That's what Google's Knol was supposed to be.
Amid catchy but fragile metaphors like "data is the sword of the 21st century, those who wield it well, the Samurai," Rosenberg does offer some frank talk. He admits, for example, that Google "still [has] a long way to go in making Web-based applications robust enough for businesses."
That's something you don't hear from Google's enterprise product managers.
And Rosenberg goes further, presenting scenarios of that future many would consider unsettling. He contemplates Google knowing enough about a person to surf the Web on his or her behalf, anticipating questions before they're asked. He proposes that car rental companies could offer a 30% discount to drivers who agreed to have their speed limit compliance tracked by GPS reporting. What's not to like about a Big Brother that keeps you safe?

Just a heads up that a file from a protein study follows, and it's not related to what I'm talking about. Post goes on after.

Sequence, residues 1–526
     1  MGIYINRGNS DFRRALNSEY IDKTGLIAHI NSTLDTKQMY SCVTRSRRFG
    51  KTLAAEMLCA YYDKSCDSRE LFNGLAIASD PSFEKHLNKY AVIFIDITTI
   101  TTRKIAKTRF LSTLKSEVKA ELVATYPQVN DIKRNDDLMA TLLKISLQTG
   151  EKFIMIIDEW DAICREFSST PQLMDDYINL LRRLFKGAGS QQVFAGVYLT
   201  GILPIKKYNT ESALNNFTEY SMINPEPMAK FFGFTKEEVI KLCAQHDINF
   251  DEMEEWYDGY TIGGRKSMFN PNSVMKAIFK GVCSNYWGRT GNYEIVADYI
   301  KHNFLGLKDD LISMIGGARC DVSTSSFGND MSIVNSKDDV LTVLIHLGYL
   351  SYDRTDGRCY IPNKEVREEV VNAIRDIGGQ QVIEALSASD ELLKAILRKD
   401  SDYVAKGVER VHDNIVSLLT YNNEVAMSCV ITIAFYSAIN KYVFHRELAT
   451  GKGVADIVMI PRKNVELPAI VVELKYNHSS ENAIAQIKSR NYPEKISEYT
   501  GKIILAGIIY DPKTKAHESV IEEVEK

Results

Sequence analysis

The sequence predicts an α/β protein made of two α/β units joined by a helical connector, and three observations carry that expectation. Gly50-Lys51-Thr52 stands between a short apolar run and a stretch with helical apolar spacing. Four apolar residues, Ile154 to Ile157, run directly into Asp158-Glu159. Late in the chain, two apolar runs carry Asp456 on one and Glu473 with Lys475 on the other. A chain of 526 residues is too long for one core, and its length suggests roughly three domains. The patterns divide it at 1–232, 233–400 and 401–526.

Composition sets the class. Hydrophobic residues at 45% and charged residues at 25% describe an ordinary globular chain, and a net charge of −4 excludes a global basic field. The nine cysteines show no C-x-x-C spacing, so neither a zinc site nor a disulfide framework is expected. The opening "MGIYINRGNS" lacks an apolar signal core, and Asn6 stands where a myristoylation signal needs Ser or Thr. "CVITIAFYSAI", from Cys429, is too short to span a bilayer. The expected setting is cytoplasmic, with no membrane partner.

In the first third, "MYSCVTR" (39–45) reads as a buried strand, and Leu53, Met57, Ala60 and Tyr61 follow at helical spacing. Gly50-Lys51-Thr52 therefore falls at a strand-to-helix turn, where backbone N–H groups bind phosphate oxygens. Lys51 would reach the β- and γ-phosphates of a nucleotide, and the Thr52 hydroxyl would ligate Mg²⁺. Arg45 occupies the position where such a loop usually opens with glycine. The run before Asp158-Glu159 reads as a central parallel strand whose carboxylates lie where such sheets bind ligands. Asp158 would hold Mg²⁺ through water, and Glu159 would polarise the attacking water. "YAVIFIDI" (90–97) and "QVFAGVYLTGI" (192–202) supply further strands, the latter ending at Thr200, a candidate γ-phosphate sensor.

Small wonder that Google still has to defend itself against privacy advocates.
For all that, it's hard to fault Rosenberg's rallying cry to the troops in these dire times; perilous as the future is with Google, it would be far worse without it.
"As Googlers our responsibility is nothing less than to help support the future of information, the global transition in how it is created, shared, consumed, and used to solve big problems," he concludes. "Our challenge is to steer incessantly toward greatness, to never think small when we can think big, to strive on with the work Larry and Sergey began over ten years ago, and from this task we will not be moved."
What else could Google have up its sleeve? InformationWeek has published an independent analysis of this topic. Download the report here (registration required).